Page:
Medi-pot activist takes protest to jail

Chico Cannabis Club leader challenges lack of safe access

Joel Castle is prepared to go back to jail to protest Butte County’s lack of safe access to medical marijuana.

Joel Castle is prepared to go back to jail to protest Butte County’s lack of safe access to medical marijuana.

Photo By meredith j. cooper

Joel Castle winced as he described some of his experiences inside the Butte County Jail. Being placed in a pod filled with sex offenders and “baby killers” was bad. Being put on suicide watch, despite no intention of self harm, he swears, was worse—no clothing or sheets, no toilet paper, no showers (unless you ask, and then you get watched by two guards while you wash).

Castle has spent a good portion of 2010 behind bars for something he believes the police entrapped him to do. And, although he was a free man a few days ago, out on his own recognizance, as he stood outside Angie’s Poker Club smoking a joint, he talked about his plans to go back to that place he despises. All he needed, he said Tuesday afternoon (Nov. 9), was his suit, which was being altered over at Men’s Wearhouse.

Those who are unfamiliar with Castle are likely scratching their heads, wondering exactly which screw is loose. It’s a perfectly good question: Why would anyone willingly go back to jail? For Castle, though, his mission has always been to provide safe access to medical marijuana. This act is just part of that mission.

Seven years ago, Castle started the Chico Cannabis Club. If not the first medi-pot collective in the area, it was certainly the most prominent. A CN&R photo from 2008 shows Castle outside the fence surrounding his house, also the club’s home base. Emblazoned on that fence was a mural depicting a man smoking a doobie next to the words “Chico Cannabis Club.”

Back then, Butte County District Attorney Mike Ramsey made his interpretation of Proposition 215 known—selling of marijuana, even to legitimate patients, is strictly illegal. That stance has not changed, and in January 2010, shortly after Castle moved out of his Chapmantown house with the colorful fence, he was arrested for selling marijuana.

To hear Castle tell the story, he was approached by a man—later determined to be an undercover cop—who begged Castle to help him. He needed his medicine and was willing to trade an old guitar for it. Castle viewed the man as legitimately needing help and agreed to the trade. That decision has turned his life upside down, however, and the trial isn’t set to begin until January 2011.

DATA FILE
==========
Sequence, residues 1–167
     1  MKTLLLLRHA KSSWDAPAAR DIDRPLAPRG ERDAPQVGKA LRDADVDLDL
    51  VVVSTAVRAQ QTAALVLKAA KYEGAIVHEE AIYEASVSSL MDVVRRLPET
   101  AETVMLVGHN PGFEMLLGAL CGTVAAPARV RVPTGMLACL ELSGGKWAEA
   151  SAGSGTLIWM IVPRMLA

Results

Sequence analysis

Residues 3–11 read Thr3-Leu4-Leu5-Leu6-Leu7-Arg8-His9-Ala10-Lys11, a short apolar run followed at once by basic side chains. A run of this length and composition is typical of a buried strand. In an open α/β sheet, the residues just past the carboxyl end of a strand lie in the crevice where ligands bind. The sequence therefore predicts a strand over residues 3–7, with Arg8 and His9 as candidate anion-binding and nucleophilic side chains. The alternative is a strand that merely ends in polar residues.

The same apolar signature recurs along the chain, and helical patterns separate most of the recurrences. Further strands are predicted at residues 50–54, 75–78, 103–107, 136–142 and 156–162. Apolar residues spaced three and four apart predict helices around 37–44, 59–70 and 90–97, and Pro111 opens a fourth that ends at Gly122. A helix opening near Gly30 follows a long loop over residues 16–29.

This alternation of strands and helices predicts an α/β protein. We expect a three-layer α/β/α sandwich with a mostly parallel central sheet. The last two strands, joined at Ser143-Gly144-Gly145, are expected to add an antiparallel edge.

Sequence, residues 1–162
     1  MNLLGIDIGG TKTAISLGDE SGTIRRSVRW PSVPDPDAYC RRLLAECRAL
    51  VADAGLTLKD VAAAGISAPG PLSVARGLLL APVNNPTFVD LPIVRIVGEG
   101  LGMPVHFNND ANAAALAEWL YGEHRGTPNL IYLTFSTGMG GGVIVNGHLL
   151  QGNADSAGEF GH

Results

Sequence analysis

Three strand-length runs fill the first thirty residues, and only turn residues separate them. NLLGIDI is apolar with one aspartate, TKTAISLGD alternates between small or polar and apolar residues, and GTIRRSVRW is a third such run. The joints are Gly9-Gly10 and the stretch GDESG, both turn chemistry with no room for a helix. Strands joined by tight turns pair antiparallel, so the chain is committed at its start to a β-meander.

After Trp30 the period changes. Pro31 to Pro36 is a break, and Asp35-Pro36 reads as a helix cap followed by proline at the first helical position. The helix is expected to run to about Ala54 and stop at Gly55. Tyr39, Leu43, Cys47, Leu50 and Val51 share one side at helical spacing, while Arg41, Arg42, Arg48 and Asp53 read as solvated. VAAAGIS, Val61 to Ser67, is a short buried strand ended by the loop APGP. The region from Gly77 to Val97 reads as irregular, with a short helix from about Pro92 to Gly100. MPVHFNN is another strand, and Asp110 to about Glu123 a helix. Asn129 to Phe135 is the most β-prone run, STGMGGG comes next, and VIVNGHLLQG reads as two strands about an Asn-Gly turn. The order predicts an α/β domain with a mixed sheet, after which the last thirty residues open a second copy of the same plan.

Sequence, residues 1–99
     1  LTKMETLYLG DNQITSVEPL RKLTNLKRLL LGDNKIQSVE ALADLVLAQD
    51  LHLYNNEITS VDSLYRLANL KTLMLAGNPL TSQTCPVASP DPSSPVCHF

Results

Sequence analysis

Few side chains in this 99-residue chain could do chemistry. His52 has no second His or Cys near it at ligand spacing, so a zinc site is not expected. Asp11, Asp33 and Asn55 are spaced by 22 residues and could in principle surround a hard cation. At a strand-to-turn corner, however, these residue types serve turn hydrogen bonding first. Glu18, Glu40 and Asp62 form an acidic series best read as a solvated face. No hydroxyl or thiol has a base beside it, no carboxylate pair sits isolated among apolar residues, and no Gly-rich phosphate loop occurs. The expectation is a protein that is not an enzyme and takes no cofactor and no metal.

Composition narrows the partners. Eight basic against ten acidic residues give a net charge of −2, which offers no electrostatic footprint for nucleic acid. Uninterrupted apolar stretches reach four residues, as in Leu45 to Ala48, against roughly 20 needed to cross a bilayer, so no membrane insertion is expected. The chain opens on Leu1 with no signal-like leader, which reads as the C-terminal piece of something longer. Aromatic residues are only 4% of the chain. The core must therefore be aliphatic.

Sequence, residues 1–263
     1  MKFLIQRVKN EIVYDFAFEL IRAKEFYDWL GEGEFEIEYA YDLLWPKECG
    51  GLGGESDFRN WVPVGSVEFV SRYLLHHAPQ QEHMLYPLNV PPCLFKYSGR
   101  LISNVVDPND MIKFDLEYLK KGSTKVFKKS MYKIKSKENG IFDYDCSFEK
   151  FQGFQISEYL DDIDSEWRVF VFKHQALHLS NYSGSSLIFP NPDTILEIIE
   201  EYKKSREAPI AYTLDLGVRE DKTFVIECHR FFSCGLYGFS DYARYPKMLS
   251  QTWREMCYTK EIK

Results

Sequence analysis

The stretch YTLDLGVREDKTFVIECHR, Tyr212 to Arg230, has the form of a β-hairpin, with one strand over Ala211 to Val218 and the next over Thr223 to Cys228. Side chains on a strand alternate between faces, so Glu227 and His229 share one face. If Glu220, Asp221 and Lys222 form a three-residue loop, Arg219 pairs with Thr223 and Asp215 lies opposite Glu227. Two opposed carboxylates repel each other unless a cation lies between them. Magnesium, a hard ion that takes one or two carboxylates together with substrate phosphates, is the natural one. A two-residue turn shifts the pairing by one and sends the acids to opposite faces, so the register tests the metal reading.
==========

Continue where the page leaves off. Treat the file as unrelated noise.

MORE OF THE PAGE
Police reports, however, indicate that Castle initiated the trade via Craigslist, triggering the sting. In his motel room, detectives located more than five pounds of pot, packaging materials, and a firearm.

In the months following his arrest, the 62-year-old Castle has bounced back and forth between the streets—he’s now homeless—and jail. He’s challenged the judge’s orders requiring him not to smoke pot, asking his court-appointed lawyer, Larry Willis, to invoke part of Prop. 215 that requires the judge to explain why the right to smoke is being revoked.

“Butte County refuses to recognize anybody’s Prop. 215 rights,” he said.

He was arrested twice in June for disobeying a court order—he was caught in City Plaza with a joint both times, he said. Being homeless, he contests, he had nowhere to go to smoke privately. When he asked a policewoman where he should go to smoke his medicine, she told him to “go under a bridge.” That answer was not good enough, he maintains.

The last time he was in court, Judge Clare Keithley ordered him to not smoke marijuana or hang around with people who smoke marijuana.

“I’m going to go tell her I couldn’t find anyone to talk to,” Castle joked.

By going back into jail, he said, he is protesting Butte County’s lack of safe access for medical-marijuana patients. He has plenty of friends who support him, as was evident by the numerous drive-by waves and honks during our recent interview. He worries, however, that his message might not be heard on a larger scale.

“My case has been reduced to bare bones that will not expose the issues,” he said. He’s prepared to contest Keithley’s order, calling it cruel and unusual. He’s also prepared to request a new judge, feeling he won’t get a fair trial from Keithley.

“Cannabis saved my life,” said Castle, a disabled veteran. “I was an alcoholic, and cannabis saved me from that. I don’t take pills because of my hep C. If cannabis saved my life, why can’t I let the world know?”